Q. A couple of quite close calls you just let go.
ANDY RODDICK: If I don't believe -- even on the one I challenged and I was wrong, I said to the people in the stands, I'm wrong on this one but I might as well.
I think it's good because you haven't seen players abuse it too much. You rarely see the players challenge more than once or twice a set. You know, you normally know if it's in or out before you challenge.

Q. Americans of quite a recent generation always used to try and get back for a bit of NBC for at least three or four days in between the French and British grass. You spent all last week here.
ANDY RODDICK: I didn't quite understand.

Q. I'm trying to be funny.
ANDY RODDICK: I don't follow humor that well (smiling).

Q. They used to like to get home, go back to the States, even if it was four days, whereas you have stayed through.
ANDY RODDICK: Yeah, there's not much grass back in Texas. Well, there is, but the cows lay around and shit on it all day so it's not really the kind of grass you would play tennis on (laughter).
I mean, it was kind of a group decision. We thought we'd get better practice here. I think there's more players over here right now. We had practice with top 50 guys pretty much every day. That's kind of what we were looking for. We just decided to stick. We felt like it was better. I went home after Rome, so it's not like I've been over here for a month and a half before the French or anything like that.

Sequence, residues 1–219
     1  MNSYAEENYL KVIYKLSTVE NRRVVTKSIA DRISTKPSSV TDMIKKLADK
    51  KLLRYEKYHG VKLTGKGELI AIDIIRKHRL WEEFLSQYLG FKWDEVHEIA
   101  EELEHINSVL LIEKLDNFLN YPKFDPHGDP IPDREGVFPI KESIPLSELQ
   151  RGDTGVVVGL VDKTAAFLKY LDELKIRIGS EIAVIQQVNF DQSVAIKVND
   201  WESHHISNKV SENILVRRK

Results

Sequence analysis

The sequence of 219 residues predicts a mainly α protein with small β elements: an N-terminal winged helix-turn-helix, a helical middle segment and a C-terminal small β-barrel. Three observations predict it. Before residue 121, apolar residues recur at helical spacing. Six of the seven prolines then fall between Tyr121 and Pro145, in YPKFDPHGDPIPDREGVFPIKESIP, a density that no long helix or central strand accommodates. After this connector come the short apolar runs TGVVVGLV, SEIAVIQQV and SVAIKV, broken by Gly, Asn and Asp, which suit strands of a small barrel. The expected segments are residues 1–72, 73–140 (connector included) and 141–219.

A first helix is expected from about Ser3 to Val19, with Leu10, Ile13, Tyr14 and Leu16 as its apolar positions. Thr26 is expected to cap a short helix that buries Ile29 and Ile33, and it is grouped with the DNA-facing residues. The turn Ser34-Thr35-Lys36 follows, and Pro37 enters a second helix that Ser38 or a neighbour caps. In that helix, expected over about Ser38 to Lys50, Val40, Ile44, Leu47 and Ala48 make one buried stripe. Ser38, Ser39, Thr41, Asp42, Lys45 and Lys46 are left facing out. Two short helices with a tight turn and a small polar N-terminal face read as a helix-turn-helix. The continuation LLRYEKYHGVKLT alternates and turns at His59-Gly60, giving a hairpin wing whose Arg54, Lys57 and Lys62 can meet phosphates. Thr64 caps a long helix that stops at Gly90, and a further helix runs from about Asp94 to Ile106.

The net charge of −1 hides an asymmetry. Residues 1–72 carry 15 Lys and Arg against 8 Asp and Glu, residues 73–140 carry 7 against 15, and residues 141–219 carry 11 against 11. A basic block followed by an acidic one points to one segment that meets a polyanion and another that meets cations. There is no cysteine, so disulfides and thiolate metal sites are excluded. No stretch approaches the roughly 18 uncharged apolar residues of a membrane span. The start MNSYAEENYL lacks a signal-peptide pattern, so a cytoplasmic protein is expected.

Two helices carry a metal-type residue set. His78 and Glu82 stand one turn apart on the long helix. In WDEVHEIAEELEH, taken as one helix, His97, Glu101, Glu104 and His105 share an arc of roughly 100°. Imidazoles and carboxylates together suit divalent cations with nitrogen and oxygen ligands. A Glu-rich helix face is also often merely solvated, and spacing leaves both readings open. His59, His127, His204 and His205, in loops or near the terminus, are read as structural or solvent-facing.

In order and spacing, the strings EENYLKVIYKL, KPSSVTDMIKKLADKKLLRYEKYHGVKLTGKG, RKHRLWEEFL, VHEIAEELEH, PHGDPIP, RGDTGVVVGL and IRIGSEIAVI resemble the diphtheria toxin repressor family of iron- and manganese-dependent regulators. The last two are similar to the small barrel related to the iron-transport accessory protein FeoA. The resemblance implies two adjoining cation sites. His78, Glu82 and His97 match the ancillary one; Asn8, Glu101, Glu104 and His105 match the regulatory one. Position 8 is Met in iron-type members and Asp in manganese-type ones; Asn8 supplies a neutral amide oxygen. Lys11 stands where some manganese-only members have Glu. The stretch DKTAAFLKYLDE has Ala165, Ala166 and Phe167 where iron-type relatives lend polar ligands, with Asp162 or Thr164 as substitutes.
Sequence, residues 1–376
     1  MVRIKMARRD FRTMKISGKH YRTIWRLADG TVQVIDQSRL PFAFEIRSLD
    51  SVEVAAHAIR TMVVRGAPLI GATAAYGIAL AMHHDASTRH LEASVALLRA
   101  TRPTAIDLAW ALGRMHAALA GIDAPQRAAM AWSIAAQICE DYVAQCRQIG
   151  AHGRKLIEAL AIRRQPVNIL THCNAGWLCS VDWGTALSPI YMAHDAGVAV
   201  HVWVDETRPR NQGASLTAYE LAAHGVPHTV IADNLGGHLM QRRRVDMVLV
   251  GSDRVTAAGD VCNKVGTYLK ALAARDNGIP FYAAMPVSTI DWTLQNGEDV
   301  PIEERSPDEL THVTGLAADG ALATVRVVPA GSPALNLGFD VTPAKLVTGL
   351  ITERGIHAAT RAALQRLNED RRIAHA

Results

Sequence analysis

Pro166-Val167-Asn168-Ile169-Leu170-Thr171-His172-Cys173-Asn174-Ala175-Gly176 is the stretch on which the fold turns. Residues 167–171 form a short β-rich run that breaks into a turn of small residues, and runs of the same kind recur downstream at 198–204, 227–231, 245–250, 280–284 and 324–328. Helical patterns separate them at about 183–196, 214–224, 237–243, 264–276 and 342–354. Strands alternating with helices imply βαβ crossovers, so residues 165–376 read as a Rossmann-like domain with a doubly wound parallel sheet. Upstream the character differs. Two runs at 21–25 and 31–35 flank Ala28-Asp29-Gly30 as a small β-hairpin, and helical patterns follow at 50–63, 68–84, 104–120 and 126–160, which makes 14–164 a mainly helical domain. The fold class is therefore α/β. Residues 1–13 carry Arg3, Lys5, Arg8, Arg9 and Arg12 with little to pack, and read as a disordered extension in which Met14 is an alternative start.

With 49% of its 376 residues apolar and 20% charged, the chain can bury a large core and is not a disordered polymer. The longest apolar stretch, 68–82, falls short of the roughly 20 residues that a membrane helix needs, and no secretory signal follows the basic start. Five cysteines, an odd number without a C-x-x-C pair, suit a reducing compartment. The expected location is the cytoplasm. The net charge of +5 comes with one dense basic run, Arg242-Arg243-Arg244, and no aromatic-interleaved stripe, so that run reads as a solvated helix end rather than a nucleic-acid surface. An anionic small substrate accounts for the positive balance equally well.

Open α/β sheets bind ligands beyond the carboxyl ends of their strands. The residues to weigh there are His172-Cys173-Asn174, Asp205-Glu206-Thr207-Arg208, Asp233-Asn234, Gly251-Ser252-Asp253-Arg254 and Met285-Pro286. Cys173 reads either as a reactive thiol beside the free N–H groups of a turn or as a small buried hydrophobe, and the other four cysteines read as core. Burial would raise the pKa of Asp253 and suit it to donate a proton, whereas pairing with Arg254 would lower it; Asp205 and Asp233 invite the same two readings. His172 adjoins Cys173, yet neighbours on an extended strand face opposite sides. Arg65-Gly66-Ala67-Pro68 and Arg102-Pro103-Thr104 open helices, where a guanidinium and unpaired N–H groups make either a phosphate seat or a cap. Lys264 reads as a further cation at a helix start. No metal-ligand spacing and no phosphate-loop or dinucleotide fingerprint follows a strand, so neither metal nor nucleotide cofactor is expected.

It was a pretty easy decision. There wasn't a lot of debate about it.

Q. You don't feel over- Europeaned?
ANDY RODDICK: "Over- Europeaned" (smiling)? No, I like it here. I really like it here in London. It's one of my favorite places. It's a very easy place for me to be.

Q. Did you get to the net as much as you wanted to today?
ANDY RODDICK: No. I wasn't dictating out there today. That bothered me. It was Jimmy's main concern. In practice I've been doing it real well. The other day I did it real well. That's something that's going to have to be worked on. Even if it doesn't end up in getting to the net, it's just controlling rallies a little bit more.

Q. You practiced with Alex before Christmas in Florida. When you were hitting with him, did you think to yourself, This guy has a nice feel for the ball?
ANDY RODDICK: I don't think his feel for the ball or his strokes or anything like that have been in question. You know, I think with Alex it's been a little bit between the ears, you know, how much he's willing to put into it on a daily basis. There's a lot of work on practice courts to come out and try to perform on that court. I think he's learning that.
You're not going to find a more experienced guy than Peter Lundgren to help him on his way. It seems like that pairing has done pretty well so far.

Q. Your working relationship with Jimmy, is it still evolving? Is it in a groove now?
ANDY RODDICK: I would say both. I think we're definitely -- it's not new anymore, but we're comfortable around each other. Hopefully there are still better things to come.